By JEFF BOBO
ROGERSVILLE — When the 2020-21 school year ends later this month, Hawkins County’s two oldest and smallest elementary schools will close for good.
That will end six years of heated debate and protest.
Keplar Elementary and McPheeters Bend Elementary are also two of Hawkins County’s most decorated schools, and neither community wanted to lose the small school atmosphere and low teacher/student ratios they provide.
McPheeters Bend was a State Collaborative on Reforming Education finalist in 2013-2014 and was named an Education Consumer Foundation Value-Added Achievement winner in 2015 for the third consecutive year.
In 2009, Keplar was in the top 10 in Tennessee for achievement score gains in the state report card results. It’s also received several honors in recent years, such as the Highly Effective School Value Added Achievement Award in 2010 and 2011 and the state Title I Distinguished School Award for improved reading scores in 2010.
A district-wide economic study completed in 2020 provided the justification for the closures. The analysis was performed by outside expert Dr. Keith Brewer, a former superintendent and Tennessee Department of Education deputy commissioner.
Brewer’s study states that the school system could save more than $3 million by closing both schools, neither of which has had more than 100 students over the past two academic years.
The state Basic Education Program does not fund schools with fewer than 100 students for a principal, and neither school qualifies for a guidance counselor, a librarian or a music teacher.
Students from the Keplar community will be bused to Joseph Rogers Primary School and Hawkins Elementary, and those from McPheeters Bend will be bused to either Carters Valley Elementary or Church Hill Elementary.
“No one wants to close schools”
The Times News spoke with Director of Schools Matt Hixson last week about the reasoning for the school closing and the impact it will have on the students and the community.
“First, no one wants to close schools, especially rural, supportive and long-standing community schools,” Hixson said. “Second, no one wants to close a school due to finances. However, due to how Tennessee funds schools based on student-to-staff ratios, the burden of keeping small, rural schools open eventually creates financial impacts.”
Hixson added, “Unfortunately, instead of appropriating local taxpayer money equally across all schools in the system, more local taxpayer funds are needed to maintain schools that fall below the minimum student-to-staff ratios. Keplar and McPheeters Bend schools were in this position for numerous years. The Board of Education wrestled with this decision before I came to Hawkins County in 2019. They made the extremely difficult decision to close both sites in March of last year, following a systemwide funding study.”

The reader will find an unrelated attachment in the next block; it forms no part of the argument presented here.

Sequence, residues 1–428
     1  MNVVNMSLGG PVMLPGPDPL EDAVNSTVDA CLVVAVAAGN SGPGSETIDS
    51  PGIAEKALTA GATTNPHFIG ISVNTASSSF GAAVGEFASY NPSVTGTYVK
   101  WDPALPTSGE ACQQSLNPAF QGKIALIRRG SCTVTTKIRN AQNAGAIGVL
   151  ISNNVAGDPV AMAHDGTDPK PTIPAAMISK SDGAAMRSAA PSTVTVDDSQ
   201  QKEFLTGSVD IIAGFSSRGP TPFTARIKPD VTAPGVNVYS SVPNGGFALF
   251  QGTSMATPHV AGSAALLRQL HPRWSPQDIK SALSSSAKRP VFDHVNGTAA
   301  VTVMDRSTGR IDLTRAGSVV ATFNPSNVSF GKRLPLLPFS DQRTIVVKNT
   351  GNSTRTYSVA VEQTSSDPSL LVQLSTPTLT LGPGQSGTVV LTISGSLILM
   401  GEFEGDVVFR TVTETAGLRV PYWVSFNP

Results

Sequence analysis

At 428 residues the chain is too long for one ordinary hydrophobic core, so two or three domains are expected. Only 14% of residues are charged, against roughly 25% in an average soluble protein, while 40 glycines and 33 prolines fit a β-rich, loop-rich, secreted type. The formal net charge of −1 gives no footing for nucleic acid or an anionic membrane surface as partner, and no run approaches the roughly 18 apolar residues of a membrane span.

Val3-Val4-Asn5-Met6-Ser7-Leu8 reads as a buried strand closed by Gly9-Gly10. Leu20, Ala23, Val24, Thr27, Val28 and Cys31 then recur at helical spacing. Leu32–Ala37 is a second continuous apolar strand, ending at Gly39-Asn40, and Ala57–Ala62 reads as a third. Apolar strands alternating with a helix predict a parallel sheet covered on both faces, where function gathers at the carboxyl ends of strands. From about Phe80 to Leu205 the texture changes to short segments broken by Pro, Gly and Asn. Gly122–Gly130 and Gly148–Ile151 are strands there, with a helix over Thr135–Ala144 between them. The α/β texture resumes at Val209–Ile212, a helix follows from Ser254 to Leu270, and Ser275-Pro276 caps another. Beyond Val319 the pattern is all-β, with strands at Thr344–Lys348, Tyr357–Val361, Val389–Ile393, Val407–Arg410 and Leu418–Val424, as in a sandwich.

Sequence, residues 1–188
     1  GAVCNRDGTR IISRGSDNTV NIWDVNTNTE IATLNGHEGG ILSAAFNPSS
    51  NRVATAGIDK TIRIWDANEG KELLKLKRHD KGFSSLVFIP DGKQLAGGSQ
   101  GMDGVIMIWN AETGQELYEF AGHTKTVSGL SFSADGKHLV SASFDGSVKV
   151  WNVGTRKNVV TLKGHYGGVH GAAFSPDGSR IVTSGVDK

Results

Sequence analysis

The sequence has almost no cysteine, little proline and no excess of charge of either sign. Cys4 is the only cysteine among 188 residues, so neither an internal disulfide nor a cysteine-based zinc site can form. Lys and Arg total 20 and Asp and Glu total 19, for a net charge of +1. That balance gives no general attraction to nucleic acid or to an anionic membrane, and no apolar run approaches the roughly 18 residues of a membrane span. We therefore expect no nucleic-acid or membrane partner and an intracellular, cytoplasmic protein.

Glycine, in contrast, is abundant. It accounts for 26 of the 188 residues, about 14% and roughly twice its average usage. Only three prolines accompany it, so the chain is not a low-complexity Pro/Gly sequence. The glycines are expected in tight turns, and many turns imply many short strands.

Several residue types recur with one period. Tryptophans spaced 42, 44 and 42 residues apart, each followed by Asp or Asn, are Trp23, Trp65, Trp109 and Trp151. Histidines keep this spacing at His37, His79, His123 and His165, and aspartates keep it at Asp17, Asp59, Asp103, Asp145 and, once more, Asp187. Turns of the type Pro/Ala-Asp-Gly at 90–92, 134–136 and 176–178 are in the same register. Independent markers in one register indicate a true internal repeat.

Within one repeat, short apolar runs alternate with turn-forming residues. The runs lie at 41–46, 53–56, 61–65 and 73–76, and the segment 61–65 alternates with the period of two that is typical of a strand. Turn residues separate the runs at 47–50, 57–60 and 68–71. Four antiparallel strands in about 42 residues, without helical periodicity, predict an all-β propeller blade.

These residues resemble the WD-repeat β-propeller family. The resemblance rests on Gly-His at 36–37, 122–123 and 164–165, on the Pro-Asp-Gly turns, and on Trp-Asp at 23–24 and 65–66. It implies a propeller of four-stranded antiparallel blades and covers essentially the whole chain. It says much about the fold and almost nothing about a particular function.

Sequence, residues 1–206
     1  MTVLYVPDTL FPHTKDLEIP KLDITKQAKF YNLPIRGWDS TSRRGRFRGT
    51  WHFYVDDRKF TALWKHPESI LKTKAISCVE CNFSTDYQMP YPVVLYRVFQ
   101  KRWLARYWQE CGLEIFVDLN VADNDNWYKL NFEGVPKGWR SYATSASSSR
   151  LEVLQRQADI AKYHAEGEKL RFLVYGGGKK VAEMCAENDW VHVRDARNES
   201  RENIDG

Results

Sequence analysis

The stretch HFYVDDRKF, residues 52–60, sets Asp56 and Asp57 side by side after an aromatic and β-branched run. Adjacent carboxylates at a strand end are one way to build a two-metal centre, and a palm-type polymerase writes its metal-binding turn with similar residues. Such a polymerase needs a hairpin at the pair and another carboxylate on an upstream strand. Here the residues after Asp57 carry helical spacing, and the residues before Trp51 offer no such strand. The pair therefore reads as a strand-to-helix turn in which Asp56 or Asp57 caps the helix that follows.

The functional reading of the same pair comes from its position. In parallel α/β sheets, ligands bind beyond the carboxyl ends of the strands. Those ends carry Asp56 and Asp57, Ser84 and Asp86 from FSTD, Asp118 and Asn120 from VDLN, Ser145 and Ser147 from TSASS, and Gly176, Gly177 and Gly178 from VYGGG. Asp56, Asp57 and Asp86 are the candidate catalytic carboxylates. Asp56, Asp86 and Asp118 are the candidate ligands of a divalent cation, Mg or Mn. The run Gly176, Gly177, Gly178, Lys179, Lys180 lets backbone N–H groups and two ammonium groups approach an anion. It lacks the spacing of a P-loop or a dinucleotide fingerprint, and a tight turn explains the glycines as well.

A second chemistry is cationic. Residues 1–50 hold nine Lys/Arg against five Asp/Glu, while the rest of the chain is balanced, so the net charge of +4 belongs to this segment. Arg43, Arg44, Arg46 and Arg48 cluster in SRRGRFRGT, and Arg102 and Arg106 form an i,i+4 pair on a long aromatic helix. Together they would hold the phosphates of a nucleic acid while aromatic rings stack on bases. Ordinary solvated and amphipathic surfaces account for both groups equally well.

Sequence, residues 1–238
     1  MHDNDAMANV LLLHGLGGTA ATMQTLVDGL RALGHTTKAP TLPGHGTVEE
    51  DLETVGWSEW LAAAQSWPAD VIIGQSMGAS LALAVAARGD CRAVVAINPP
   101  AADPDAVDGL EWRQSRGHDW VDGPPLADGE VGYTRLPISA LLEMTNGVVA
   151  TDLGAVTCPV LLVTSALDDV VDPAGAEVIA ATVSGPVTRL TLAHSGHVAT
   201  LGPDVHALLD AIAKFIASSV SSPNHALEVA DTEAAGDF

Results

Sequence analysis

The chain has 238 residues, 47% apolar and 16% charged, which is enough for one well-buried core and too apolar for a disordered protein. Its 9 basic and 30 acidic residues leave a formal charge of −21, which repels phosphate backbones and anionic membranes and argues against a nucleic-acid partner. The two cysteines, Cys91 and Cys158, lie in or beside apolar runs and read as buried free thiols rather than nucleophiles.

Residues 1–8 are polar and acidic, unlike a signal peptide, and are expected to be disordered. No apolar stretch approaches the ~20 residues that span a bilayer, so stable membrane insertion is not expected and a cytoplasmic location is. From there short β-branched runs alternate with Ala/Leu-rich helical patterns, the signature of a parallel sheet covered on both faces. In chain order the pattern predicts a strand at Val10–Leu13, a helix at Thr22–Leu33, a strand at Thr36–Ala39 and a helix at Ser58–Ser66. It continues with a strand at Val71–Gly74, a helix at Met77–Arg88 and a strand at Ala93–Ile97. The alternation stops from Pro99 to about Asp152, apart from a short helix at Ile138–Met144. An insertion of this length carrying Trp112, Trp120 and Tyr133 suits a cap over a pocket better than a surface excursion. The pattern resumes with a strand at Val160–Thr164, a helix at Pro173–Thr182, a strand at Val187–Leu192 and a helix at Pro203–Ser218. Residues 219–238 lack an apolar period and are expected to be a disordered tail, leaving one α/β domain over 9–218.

“Blessed to maintain class sizes below the state maximums”
Beyond the funding aspect, smaller schools often have to share staff members, such as counselors, nurses and related arts teachers.
Hixson said this can create disparities with what other students have on a full-time basis.
Students moving from Keplar and McPheeters Bend to other county schools will be provided the same consistent levels of support all other students receive. All schools are also governed by the same staffing ratios and class size maximums; therefore, the class sizes may grow a bit depending on what students had at their former schools, but classes will be no larger than any other school in the county.
“We have been blessed to maintain class sizes below the state maximums in most of our classrooms throughout Hawkins County,” Hixson said. “By relocating and allocating staff to accommodate KES and MBES students, we are able to maintain these effective ratios.”
Are students being familiarized with their new schools?
Hixson: “The receiving schools welcoming KES and MBES students this year have done an outstanding job with their open house events this spring. They welcomed KES and MBES students and showed them around prior to the end of this school year. Staff were all successfully relocated as well. Students will see many familiar faces when they step foot in their new schools next year. Many parents kept their students with their peers as well, making for an easier transition this fall. With summer school underway, many students will have extended opportunities to familiarize themselves with their new school sites and teaching and support staff members.”
Community response to the move
Hixson: “We have had some spirited meetings in the past. Parents and past students, many of whom still reside in the KES and MBES boundaries, are very passionate about these community schools, and they should be. However, once the decision was made, we have had the chance to work together to support our students in transitioning to schools where they will continue to be supported, educated and challenged. Although the closing of two very historic and significant schools can be sad, it can also be seen as a new chapter for Hawkins County Schools. We are one county with one goal: equally supporting all county students and igniting a lifelong passion for learning.”